Cutting weight has killed another combat sports athlete. Perth, Australia teen Jessica Lindsay collapsed on November 10 while on a run to cut weight for a Muay Thai event the next day. She was rushed to the hospital, but died four days later from the effects of severe dehydration.
Ms. Lindsay, 18, was an amateur, with just two years experience. Her Instagram referenced the cut.
“Fit and healthy,” she wrote on November 1. On November 8 she wrote, “Yeah nah cutting weight is sick hey." On November 10 she collapsed. And on November 14 she passed away.
“There is a point of no return, it is quite extreme and it goes beyond dehydration,” said Dr. Joe Kosterich to News 9. “It is what some would call heat exhaustion or heat shock. ... People may choose to ignore the warning signs because they're focused on what they're trying to achieve and it's an issue for amateurs - professionals will be coached, they will be monitored,” he said.
Ms. Lindsay is at least the second Muay Thai athlete to die this year while weight cutting. Scottish pro Jordan Coe died in Thailand while trying to make weight.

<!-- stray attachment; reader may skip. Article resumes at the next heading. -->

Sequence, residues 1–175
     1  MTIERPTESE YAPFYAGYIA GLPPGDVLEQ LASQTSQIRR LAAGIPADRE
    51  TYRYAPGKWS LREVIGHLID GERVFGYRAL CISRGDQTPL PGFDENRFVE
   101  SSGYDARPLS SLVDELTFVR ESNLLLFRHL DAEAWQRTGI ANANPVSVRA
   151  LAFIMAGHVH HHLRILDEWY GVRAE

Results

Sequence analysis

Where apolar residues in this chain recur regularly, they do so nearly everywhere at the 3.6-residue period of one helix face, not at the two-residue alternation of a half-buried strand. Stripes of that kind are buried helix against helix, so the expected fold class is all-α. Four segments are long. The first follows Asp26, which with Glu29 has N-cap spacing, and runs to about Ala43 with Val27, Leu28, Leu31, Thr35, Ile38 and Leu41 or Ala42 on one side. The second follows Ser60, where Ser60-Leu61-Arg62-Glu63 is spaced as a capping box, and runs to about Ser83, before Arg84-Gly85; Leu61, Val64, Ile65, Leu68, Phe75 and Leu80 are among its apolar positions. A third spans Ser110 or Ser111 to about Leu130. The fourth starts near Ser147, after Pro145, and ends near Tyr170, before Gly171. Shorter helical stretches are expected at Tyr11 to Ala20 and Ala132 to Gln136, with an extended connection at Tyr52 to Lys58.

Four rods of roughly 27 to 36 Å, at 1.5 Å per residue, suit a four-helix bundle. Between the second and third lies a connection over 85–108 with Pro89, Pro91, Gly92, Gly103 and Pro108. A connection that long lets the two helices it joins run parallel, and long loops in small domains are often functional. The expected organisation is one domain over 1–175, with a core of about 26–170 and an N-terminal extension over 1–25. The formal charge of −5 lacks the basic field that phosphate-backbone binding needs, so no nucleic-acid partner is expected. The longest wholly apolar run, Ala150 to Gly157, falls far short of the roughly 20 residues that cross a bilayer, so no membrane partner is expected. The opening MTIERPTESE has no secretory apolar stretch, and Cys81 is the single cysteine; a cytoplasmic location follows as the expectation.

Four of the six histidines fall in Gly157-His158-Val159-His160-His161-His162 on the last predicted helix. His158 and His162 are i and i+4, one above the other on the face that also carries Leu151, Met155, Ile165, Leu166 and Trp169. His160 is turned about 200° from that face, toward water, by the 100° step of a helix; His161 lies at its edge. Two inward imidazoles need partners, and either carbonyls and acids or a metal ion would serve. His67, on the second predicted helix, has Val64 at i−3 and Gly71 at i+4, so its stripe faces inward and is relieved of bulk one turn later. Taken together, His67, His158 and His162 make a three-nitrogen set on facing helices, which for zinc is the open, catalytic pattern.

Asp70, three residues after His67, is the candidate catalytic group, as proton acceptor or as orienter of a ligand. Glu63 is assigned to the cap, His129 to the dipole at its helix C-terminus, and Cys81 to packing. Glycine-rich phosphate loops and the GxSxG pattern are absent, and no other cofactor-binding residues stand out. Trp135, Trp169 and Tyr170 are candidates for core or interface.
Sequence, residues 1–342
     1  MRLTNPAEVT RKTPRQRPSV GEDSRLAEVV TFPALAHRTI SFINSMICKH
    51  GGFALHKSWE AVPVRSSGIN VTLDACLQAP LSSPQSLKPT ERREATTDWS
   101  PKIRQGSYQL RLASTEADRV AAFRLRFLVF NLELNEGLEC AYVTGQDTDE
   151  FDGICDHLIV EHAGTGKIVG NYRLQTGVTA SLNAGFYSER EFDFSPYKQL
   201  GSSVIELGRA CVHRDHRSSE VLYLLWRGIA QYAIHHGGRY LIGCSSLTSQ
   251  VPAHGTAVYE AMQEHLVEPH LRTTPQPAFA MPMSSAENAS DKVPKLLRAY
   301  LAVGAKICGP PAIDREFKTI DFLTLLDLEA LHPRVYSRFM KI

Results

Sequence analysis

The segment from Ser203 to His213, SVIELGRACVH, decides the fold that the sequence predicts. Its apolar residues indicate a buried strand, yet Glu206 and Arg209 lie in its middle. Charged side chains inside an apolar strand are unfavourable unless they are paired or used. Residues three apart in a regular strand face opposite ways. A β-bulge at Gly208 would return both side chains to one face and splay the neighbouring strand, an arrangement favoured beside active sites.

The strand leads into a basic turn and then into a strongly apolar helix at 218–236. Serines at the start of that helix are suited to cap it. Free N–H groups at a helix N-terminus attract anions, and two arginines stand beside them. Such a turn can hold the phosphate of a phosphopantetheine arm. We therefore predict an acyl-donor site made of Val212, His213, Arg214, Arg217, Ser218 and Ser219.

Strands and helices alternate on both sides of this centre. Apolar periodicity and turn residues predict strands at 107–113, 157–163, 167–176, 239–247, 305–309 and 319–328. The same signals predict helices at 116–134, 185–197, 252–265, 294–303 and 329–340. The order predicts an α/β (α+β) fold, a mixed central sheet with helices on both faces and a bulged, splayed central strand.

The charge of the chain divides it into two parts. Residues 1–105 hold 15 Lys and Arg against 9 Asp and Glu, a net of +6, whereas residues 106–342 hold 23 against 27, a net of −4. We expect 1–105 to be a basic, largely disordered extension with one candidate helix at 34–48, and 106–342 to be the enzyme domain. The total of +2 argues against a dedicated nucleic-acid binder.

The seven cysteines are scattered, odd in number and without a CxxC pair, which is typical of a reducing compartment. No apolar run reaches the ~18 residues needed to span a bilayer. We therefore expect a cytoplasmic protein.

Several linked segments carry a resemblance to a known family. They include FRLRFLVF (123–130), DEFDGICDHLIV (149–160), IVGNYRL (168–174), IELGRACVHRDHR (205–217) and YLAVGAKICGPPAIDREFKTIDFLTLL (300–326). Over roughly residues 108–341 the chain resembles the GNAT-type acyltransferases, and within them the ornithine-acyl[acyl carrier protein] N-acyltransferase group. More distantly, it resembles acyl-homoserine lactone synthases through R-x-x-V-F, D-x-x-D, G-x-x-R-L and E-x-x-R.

Cutting is now the worst thing in combat sports. Weight divisions were designed for safety, but in an attempt at making sure fighters of are of roughly equal weight, athletes are subject to a far greater danger than fighting a larger opponent.
In mixed martial arts, the dire issue has been ably addressed. Andy Foster, executive director of the California State Athletic Commission has put together a 10 Point Plan to fix the issue. It works. The ABC medical committee supports it. The ABC has adopted it. The UFC supports it and will continue to adopt further parts of it.
It is now incumbent on commissions to implement it.
As for amateurs, weight cutting should cease.